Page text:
Photo: Reuters
Photo: Reuters

Coronavirus supply chain disruptions: Is there a silver lining for India?

India’s rising tariff walls may thwart India’s ambitions of replacing China in global value chains, research suggests

Coming on the back of a protracted trade war directed at China, the outbreak of the Coronavirus pandemic (Covid-19) has led many firms to reconsider their investments across Asian supply chains. For India, this raises the possibility of a silver lining amid the turmoil: that firms diversify their supply bases and invest in India.

However, trade experts fear that India’s growing protectionist tendencies could get in the way. The past three Union budgets have seen India raise import barriers in a bid to protect domestic industries. The most recent union budget, announced on February 1, increased customs duty across a broad range of products accounting for over US$8 billion of India’s imports. While this is a small share (about 2%) of India’s overall imports, the protectionist barriers mark a clear embrace of import substitution. This hurts India’s objective of expanding exports through greater integration with cross-border production chains, which involve goods and services crossing borders several times while assembling a product.

Already, India lags way behind its Asian peers in Global Value Chain (GVC) participation.

Not only has India’s participation in global production dropped, its gains from integration have also declined. An analysis of data from the UNCTAD-EORA GVC database shows that India is using more high value inputs from abroad to produce its exports and adding less value to the exports of other countries.

India is importing high-technology and high quality imports from abroad and mostly just assembling products here before exporting them to the rest of the world, said Anjali Tandon, professor at the Institute for Studies in Industrial Development (ISID).

Expanding the share of the domestic value-added in a value chain require efforts to reduce trade barriers, enhance infrastructure, and improve access to finance, said Saon Ray of the Indian Council for Research on International Economic Relations (ICRIER)

India’s level of integration is especially low in the services industry. Data from OECD shows that Indian exporters have become more reliant on domestic service providers over time. At the same time, the foreign market for Indian service inputs has become smaller compared to the domestic market.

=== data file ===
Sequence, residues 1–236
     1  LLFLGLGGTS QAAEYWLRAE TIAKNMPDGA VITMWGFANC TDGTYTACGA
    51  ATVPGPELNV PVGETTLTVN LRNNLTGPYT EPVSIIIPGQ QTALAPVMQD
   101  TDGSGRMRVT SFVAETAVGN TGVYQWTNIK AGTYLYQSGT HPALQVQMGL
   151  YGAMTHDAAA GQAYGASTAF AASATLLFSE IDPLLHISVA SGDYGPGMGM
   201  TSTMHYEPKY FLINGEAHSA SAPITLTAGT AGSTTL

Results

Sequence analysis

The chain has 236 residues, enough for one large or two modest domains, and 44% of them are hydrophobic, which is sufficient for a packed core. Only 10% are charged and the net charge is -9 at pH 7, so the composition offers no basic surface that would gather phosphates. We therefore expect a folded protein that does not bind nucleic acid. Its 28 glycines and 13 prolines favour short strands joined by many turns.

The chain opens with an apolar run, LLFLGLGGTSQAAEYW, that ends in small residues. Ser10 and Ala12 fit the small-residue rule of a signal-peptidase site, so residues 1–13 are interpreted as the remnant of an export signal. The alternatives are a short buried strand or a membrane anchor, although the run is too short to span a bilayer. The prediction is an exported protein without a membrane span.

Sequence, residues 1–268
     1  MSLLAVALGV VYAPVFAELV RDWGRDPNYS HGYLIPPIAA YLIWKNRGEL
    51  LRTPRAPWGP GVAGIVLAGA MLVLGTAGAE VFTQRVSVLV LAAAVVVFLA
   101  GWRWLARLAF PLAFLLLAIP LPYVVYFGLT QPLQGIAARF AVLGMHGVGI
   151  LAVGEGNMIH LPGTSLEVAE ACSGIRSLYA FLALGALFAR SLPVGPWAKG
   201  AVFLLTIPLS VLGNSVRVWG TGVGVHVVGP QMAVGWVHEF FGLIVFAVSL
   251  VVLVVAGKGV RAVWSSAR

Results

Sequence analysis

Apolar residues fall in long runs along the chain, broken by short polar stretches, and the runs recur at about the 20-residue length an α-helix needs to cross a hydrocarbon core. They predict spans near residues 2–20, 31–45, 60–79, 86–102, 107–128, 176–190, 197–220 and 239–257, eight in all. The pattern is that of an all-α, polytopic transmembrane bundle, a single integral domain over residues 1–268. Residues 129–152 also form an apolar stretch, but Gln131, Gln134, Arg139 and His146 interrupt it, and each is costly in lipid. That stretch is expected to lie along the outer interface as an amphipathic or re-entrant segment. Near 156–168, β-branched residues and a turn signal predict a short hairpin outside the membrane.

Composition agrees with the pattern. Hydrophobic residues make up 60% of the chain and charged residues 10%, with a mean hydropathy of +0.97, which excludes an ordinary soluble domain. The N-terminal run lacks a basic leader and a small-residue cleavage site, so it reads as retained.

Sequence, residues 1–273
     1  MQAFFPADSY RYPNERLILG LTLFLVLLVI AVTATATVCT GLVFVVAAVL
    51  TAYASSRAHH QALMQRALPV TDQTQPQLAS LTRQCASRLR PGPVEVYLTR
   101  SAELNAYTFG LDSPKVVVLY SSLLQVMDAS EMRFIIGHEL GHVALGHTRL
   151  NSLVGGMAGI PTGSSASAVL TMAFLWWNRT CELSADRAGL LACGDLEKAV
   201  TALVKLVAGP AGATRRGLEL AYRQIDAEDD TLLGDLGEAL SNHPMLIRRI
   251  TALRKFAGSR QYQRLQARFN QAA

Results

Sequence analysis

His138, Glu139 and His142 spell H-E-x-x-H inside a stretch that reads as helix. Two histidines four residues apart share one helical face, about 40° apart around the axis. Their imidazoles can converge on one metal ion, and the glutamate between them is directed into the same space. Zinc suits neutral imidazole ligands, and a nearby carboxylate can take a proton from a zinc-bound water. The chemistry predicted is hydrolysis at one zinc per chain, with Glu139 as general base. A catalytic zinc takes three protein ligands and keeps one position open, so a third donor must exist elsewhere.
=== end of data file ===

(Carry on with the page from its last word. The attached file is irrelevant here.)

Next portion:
According to a new study by Ray, the main reason for India’s low GVC participation lie in logistical inefficiencies (including high power costs) and limited access to finance. According to the latest World Development report, India’s logistics costs are double that of Bangladesh and triple that of China.

While it is important to address these domestic distortions, it is also important to liberalise imports and exports as tariffs on intermediate goods can be equally damaging to GVC integration.

According to Mint calculations, of the tariff hikes effected on February 1, about 28% were on processed industrial supplies and 53% on capital goods.

Seemingly small tariffs can disrupt regional and global value chains substantially. By restraining competition from imports or making imports of intermediate goods more expensive, India is raising the costs of inputs for many Indian exporters.

According to an IMF working paper authored by Kevin Cheng and others, tariffs are especially detrimental to GVC-related trade. This is because fragmentation of production across the global value chain requires multiple border crossings and so GVCs have an amplified increase in rate of protection even with a small tariff increase.

With successive tariff hikes since 2018, India has become much more protectionist than most other large economies. According to a WTO report, trade-restrictive measures implemented during mid-Oct 2018 to mid-Oct 2019 affected about US$746.9 billion or 3.84% of world merchandise imports. Protectionist tariff barriers raised by India, alone accounted for 22% of the total impact. It was the second biggest contributor to these restrictions, behind only Donald Trump-led United States.

Data from Global Trade Alert database also shows that among G-20 economies, India has been among the worst perpetrators of protectionist policies since the global financial crisis of 2008. Even when compared to countries with similar GDP per capita incomes, India’s protectionism stands out.

India’s rising tariff walls and lack of integration into global production chains is probably the reason why India’s share in world merchandise exports has largely remained stagnant in a 1.6-1.7% range since 2011. This stagnation has occurred at a time when China’s share in merchandise exports has dropped significantly over the past few years, with the gap being filled by other Asian countries.

A number of companies are looking to diversify away from China, suggesting that the shift could be more structural and long-term in nature, a UBS report dated February 26 said. UBS’ survey findings suggested over 63% per cent of global executives are looking to move at least 40% of their current production in China outside the country.

Will India miss the bus once again?

This is the sixth of a ten-part series on Budget 2020.

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